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Steven Siegel Edit Profile


Steven Siegel, American sculptor. Recipient Pratt grant, 1977-1978, Building Arts grant National Endowment for Arts, 1990, fellowship Dutchess County Arts Council, 1992-1993, Artist's grant Connemara Conservancy, 1994-1995, Arts Fund grant American Scandinavian Foundation, Denmark, 1996-1997. School board member Red Hook (New York ) Central School District, since 1995.


Siegel, Steven was born on November 27, 1953 in White Plains, New York, United States. Son of Stuart Samuel and Louise (Slotsky) Siegel.


Bachelor, Hampshire College, 1976; Master of Fine Arts, Pratt Institute, 1978.


He is noted for his environmental artwork, particularly using recycled materials such as newspapers, aluminum cans, and plastic bottles. After graduating from Hampshire College (1976) in Amherst, Massachusetts, he received a Masters of Fine Arts from Pratt Institute (1978). Steven Siegel's early interest in geology was stimulated after reading Basin and Range by John McPhee.

The question of deep time was something he needed to explore. Sponsored by the New York Foundation for the Arts, in 1983 he visited the same places where Dr. James Hutton, a medical doctor turned geologist, made his discoveries in Scotland. The geologic processes that were at work in the present were the same processes at work in the distant past.

The rock formations in Scotland were the result of these processes at work over millions of years. The experience had resonated with him and is reflected in his artwork. Siegel's first attempt with newspaper structures was for the Snug Harbor Sculpture Festival on Staten Island, New York.

He noticed that the largest landfill in the United States was located on Staten Island. At the Fresh Kills Landfill, garbage is buried under mounds of earth. Newspapers will remain intact and readable for long periods of time.

Here, Siegel thought that humans were creating a "new geology" with the human waste being buried under mounds of earth. Thus, his first attempts in this kind of sculpture were titled "New Geology #1" and "New Geology #2," both were constructed in 1990. Since the sculpture has been allowed to be overgrown with vegetation, "New Geology #2" remains intact and the newsprint is still able to be read.

In the fall of 2002, "Scale" was erected at the Abington Art Center, in Jenkintown, Pennsylvania. 20,000 pounds of recycled newspapers piled layer upon layer over a wooden framework. It stood twenty-two feet above the ground.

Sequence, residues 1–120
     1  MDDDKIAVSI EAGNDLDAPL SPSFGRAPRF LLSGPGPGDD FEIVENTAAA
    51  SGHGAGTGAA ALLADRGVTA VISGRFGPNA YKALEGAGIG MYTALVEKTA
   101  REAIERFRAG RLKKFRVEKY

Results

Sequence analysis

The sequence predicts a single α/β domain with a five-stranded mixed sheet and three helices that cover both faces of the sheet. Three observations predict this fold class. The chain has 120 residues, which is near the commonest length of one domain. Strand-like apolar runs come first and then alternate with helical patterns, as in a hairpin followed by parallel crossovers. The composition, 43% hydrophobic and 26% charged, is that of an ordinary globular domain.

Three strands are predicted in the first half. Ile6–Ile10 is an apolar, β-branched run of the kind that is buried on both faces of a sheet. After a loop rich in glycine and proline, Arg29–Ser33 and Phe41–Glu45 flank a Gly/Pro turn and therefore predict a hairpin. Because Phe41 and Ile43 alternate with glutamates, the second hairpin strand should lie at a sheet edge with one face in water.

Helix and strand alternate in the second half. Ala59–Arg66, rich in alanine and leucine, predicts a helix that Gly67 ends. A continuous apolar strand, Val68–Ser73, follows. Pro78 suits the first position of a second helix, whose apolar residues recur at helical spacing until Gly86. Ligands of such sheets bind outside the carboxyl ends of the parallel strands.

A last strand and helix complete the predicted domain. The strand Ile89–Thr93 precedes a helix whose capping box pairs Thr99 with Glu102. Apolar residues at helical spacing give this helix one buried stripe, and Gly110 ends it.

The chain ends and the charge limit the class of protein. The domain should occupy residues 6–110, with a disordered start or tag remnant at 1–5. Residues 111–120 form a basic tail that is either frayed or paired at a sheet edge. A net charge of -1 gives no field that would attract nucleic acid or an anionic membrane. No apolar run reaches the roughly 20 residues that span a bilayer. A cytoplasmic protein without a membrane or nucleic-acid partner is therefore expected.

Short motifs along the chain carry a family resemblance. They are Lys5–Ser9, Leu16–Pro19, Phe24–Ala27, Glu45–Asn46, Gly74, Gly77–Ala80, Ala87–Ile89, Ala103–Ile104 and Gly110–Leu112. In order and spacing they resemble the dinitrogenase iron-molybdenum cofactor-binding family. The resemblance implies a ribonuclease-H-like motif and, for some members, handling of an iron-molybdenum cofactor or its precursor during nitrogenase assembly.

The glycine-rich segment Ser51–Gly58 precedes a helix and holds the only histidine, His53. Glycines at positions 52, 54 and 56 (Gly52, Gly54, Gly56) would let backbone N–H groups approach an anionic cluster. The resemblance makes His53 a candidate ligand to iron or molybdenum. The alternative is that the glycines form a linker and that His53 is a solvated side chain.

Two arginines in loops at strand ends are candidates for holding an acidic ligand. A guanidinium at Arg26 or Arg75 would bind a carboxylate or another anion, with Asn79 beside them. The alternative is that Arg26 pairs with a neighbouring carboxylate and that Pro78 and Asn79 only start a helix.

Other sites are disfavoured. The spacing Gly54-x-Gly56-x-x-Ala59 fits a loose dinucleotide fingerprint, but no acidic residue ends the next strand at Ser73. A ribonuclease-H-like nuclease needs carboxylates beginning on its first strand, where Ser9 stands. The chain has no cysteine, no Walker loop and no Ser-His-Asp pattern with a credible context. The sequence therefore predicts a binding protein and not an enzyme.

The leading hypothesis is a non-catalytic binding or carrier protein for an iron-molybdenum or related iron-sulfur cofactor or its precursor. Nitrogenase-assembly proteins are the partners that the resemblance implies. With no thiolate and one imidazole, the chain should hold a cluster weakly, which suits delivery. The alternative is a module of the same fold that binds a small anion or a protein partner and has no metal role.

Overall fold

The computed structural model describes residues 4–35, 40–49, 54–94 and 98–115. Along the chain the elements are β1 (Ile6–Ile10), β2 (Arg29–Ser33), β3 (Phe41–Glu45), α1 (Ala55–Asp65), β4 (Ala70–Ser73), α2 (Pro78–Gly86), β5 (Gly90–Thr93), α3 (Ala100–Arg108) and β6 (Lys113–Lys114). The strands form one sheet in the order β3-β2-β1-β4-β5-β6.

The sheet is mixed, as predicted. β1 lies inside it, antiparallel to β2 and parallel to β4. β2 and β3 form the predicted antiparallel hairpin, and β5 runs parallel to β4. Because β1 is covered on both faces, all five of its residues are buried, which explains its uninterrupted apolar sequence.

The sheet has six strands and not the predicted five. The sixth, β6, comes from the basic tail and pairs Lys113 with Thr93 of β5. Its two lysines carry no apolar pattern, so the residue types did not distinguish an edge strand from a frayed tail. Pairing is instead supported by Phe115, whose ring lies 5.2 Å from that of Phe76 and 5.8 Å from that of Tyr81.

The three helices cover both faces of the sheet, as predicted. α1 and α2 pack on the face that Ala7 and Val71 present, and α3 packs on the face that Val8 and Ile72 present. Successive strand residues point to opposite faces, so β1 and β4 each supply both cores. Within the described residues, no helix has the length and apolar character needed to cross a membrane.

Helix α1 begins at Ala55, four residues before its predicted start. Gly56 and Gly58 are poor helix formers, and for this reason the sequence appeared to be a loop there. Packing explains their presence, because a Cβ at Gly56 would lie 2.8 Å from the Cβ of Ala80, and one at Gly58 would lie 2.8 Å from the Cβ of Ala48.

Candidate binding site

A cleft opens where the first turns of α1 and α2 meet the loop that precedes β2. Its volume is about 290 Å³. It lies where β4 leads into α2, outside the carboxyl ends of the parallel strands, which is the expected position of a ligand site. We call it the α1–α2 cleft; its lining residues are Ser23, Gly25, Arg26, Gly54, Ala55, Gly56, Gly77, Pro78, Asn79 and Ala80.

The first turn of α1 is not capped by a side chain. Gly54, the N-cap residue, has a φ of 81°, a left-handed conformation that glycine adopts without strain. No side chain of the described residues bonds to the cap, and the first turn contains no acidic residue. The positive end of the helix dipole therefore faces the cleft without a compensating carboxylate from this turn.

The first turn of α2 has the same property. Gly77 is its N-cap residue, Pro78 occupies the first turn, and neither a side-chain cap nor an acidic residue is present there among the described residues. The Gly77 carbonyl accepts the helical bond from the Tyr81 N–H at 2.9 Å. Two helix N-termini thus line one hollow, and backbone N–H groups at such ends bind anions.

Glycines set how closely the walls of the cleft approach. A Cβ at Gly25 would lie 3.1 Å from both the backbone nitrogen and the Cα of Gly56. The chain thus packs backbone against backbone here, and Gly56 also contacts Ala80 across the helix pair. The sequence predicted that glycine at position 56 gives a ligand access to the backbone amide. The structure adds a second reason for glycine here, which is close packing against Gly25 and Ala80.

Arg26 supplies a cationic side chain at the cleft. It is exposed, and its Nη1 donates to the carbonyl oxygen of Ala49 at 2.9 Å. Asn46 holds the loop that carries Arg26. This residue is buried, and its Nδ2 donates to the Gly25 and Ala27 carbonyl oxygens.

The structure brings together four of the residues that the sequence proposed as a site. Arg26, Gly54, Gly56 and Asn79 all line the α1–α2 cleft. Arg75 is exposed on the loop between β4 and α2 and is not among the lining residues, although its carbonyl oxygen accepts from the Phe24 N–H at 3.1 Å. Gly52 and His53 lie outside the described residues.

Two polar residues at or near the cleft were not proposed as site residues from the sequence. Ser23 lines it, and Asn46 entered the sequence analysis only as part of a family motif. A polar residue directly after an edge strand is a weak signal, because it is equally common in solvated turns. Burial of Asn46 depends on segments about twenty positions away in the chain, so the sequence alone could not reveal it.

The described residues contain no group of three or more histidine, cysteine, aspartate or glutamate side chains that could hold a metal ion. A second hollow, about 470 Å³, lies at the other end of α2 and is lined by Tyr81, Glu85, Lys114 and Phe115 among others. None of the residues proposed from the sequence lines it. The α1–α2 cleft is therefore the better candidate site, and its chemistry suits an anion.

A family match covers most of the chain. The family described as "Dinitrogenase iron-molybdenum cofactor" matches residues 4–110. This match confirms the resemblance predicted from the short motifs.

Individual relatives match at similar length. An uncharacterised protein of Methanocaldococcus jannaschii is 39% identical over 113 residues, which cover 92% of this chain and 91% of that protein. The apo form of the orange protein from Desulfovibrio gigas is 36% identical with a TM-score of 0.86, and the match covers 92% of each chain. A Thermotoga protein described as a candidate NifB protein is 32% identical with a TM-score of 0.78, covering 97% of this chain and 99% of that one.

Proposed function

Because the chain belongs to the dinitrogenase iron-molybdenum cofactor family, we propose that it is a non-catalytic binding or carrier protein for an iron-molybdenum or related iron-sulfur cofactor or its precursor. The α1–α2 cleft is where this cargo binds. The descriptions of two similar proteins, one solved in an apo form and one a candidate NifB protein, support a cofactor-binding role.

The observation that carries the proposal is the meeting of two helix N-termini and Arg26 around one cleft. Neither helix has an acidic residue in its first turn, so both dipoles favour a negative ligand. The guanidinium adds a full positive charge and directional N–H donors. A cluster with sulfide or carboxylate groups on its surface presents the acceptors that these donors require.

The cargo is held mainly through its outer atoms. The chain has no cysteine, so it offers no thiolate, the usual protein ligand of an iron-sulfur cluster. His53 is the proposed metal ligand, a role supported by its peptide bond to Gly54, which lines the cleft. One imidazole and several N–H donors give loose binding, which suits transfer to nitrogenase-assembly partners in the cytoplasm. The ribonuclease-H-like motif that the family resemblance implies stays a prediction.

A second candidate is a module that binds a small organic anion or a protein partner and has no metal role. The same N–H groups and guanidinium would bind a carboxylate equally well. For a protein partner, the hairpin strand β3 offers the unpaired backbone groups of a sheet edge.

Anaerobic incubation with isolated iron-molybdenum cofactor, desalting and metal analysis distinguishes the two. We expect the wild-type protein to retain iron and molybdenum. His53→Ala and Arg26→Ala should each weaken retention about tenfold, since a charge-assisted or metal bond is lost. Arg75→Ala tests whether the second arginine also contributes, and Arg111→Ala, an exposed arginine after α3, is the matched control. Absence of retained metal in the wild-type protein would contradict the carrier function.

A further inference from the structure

"Scale" was thought to be able to withstand the weather conditions for 15 years. In October 2006, the sculpture began to collapse. By April 2009, it further crumbled.

There are both natural processes and processes related to human activity that is going on. We can begin with the natural processes of tree growth sustained by the nutrients from the earth. But, it is human activity which cuts down the trees and where paper is made from the wood pulp.

Our culture is expressed in newsprint that is printed on the paper. The newspaper is read and hopefully, recycled. Finally, the last act of human culture, the monument of newspaper is erected, represented by Scale.

Nature now has its way, physical processes of erosion immediately go to work, and the structure inevitably starts to erode. Since the structure has organic content, biologic systems erupt in the structure to begin decay. Finally, the structure meets its ultimate destiny being incorporated back into the earth to form soil, the nutrient for living plants.

This seems to be a sustainable cycle surrounding Steven Siegel's Scale.


  • Other Work

    • One-man shows include Soho Center for Visual Arts, New York, 1979, Drew University, Madison, New Jersey, 1981, Hampshire College, Amherst, Massachusetts, 1986, Unison Arts and Learning Center, New Paltz, New York, 1992, Richmond Center Art Gallery, Windsor, Connecticut, 1993. Group exhibitions include Thorpe Intermedia Gallery, New York, 1979, 82, Drawing Center, New York City, 1980, 82, Hampshire College, 1985, Scottsdale (Arizona) Center for Arts, 1989, Rutgers University, Camden, New Jersey, 1992, Paramount Center for Arts, Peekskill, New York, 1992, State University of New York, New Paltz, 1992, University Virginia, 1992, Barrett House Galleries, poughkeepsie, New York, 1993, Marist College Art Gallery, Poughkeepsie, 1995, Uison Arts Center, New Paltz, New York, 1996, Berkshire Museum, Pittsfield, Massachusetts, 1996. Contributor articles to professional journals.


School board member Red Hook (New York ) Central School District, since 1995.


Married Alice Anne Linder, September 7, 1983. Children: Leah, Ben.

Stuart Samuel Siegel

Louise (Slotsky) Siegel

Alice Anne Linder

Leah Siegel

Ben Siegel